I suggest that a fully consistent anarchist position that rejects central planning and monopoly will view the anarcho-capitalist vision (or any other concrete vision in the absense of monopoly) as an educated conjecture as to how society would organize if there were no monopoly on force. As such, the AnCap answer would be that such a person would likely be forced into a system of private property law. This is backed up to a degree by observation and practicalities. However, there is no reason why certain groups couldn't have a communistic system among themselves if it didn't force others to participate in the sharing of property.

Re: civil vs. criminal law, I don't think this matters; it's just a naming classification. I am sure that indiscriminate killers would get more than just fines.

Cortex:
And so it goes on and on and the wallet changes its possessor until one of the gets tired of it, runs out of money or dies.

The usual AnCap answer to this (again, educated conjecture) is that the two established courts would have a third-party arbiter already designated in case of a dispute where the two courts could not come to an agreement, and that third party would have binding decision in such event. This sounds plausible to me, but it's not the only way it could work. The point here is simply to give one example of how it could work, to ease your incredulity about such a scenario. If we can think of an answer that easily, the free market can and probably will find some way that's even better.

  • | Post Points: 20
Top 25 Contributor
Male
Posts 4,850
Points 85,810

AJ:
The most common (basically, the Rothbardian) vision of AnCap is one of a monopolistic/monolithic legal system where all arbitration follows certain rules as laid out in such works as The Ethics of Liberty

Holy crap is that a strawman.

AJ:
Under that system, the law is the law, and that set of political ideologies will be apparently be pushed on you.

Two things:

1.) What else would the law be other then itself?

2.) What is this nonsense about 'pushing' laws onto people? Are you implying that a property owner has no right to establish laws in his/her given property?

AJ:
In my opinion, the idea of a monolithic legal system makes no sense when there is no monopoly to enforce it.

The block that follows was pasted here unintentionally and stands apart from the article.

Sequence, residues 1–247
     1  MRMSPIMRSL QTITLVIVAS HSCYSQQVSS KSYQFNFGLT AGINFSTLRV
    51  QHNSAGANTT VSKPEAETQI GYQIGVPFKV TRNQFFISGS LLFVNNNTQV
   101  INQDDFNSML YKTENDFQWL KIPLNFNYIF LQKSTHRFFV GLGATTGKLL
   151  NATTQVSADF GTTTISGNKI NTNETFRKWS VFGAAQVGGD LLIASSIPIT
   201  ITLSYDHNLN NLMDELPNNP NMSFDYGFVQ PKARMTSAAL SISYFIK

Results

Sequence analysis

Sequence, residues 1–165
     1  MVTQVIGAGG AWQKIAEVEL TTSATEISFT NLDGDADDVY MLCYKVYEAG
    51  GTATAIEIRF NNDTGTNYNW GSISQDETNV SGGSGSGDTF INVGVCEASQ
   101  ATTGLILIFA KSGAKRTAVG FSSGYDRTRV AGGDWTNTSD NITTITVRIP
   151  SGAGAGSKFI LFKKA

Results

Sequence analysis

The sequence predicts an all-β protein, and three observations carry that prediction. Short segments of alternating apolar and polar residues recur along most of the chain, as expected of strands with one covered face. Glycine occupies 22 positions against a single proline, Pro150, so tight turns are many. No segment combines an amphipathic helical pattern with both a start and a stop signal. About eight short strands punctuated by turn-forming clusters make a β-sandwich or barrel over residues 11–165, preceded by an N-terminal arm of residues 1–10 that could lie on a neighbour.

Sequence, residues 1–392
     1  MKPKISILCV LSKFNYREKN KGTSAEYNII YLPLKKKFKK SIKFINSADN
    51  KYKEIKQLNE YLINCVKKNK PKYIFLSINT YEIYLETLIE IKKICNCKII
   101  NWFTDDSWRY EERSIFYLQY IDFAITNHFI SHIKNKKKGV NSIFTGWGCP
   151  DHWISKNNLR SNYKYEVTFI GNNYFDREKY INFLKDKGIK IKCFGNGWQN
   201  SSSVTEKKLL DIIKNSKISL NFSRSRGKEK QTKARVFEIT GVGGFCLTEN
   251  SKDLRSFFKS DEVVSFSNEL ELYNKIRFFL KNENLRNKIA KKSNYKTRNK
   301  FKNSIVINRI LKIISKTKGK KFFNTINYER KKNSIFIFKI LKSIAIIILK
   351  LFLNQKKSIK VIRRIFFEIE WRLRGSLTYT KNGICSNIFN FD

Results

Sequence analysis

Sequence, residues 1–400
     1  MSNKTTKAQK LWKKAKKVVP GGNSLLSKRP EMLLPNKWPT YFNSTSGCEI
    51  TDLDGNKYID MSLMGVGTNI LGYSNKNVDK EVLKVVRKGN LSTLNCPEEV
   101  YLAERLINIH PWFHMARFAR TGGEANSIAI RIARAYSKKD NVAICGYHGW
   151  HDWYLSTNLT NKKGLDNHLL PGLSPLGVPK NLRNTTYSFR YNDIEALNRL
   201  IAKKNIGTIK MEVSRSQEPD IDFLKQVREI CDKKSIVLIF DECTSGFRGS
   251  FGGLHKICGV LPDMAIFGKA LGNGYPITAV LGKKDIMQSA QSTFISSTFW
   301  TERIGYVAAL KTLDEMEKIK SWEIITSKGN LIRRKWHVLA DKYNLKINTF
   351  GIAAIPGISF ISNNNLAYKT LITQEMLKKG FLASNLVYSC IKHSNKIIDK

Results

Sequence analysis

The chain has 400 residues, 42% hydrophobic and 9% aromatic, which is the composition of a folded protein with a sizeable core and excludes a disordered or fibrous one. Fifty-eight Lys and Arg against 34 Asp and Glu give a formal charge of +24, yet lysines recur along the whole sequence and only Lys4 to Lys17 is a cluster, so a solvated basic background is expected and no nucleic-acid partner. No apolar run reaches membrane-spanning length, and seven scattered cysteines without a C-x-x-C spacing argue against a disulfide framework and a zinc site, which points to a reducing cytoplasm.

That makes no sense. You are postulating that Rothbard and Hoppe want a monopoly system of legal services, yet they obviously oppose the state and frankly call for the end of their coercive legal systems...if a institution is able to install a coercive monopoly on legal services in a given area then it is...a state. So  your premise is that Rothbard wanted to end the current state because of hatred for government only then to install another state to make sure the state doesn't come back and to provide a service on the free market no less?

AJ:
As such, the AnCap answer would be that such a person would likely be forced into a system of private property law

When the state legal system falls then private law is birthed into existence. We don't need to violently go around saying 'Hey follow private law legal systems' and such would be contradicting the very principle that libertarianism is founded upon.

AJ:
The usual AnCap answer to this (again, educated conjecture) is that the two established courts would have a third-party arbiter already designated in case of a dispute where the two courts could not come to an agreement, and that third party would have binding decision in such event

What happened to that monolithic/monopolistic legal system that Rothbardians supposedly want to setup? Now you are saying that two courts will submit their disputes to a third party [ obviously an organization that is separate from court A and court B for if court A, B, & C were all part of the same legal system why would there be a dispute over the ruling? ]

'Men do not change, they unmask themselves' - Germaine de Stael

 

  • | Post Points: 35
Top 500 Contributor
Male
Posts 318
Points 4,560
Wanderer replied on Sat, Nov 28 2009 2:03 PM

If someone does not show up to a court case, they will almost certainly lose.  Then, their guilty verdict will become public knowledge.  The guilty party would almost certainly lose their job, and find conducting business extremely difficult.

Periodically the tree of liberty must be watered with the blood of tyrants and patriots.

Thomas Jefferson

  • | Post Points: 5
Top 50 Contributor
Male
Posts 2,551
Points 46,635
AJ replied on Sat, Nov 28 2009 10:59 PM

Laughing Man:

AJ:
The most common (basically, the Rothbardian) vision of AnCap is one of a monopolistic/monolithic legal system where all arbitration follows certain rules as laid out in such works as The Ethics of Liberty

Holy crap is that a strawman.

Here is Rothbard: "...the basic Law Code...would have to be agreed upon by all judicial agencies..."  "Any agencies that transgressed the basic...code would be open outlaws and aggressors..."   (The Ethics of Liberty, p. 236-237)

Laughing Man:
You are postulating that Rothbard and Hoppe want a monopoly system of legal services, yet they obviously oppose the state and frankly call for the end of their coercive legal systems...if a institution is able to install a coercive monopoly on legal services in a given area then it is...a state.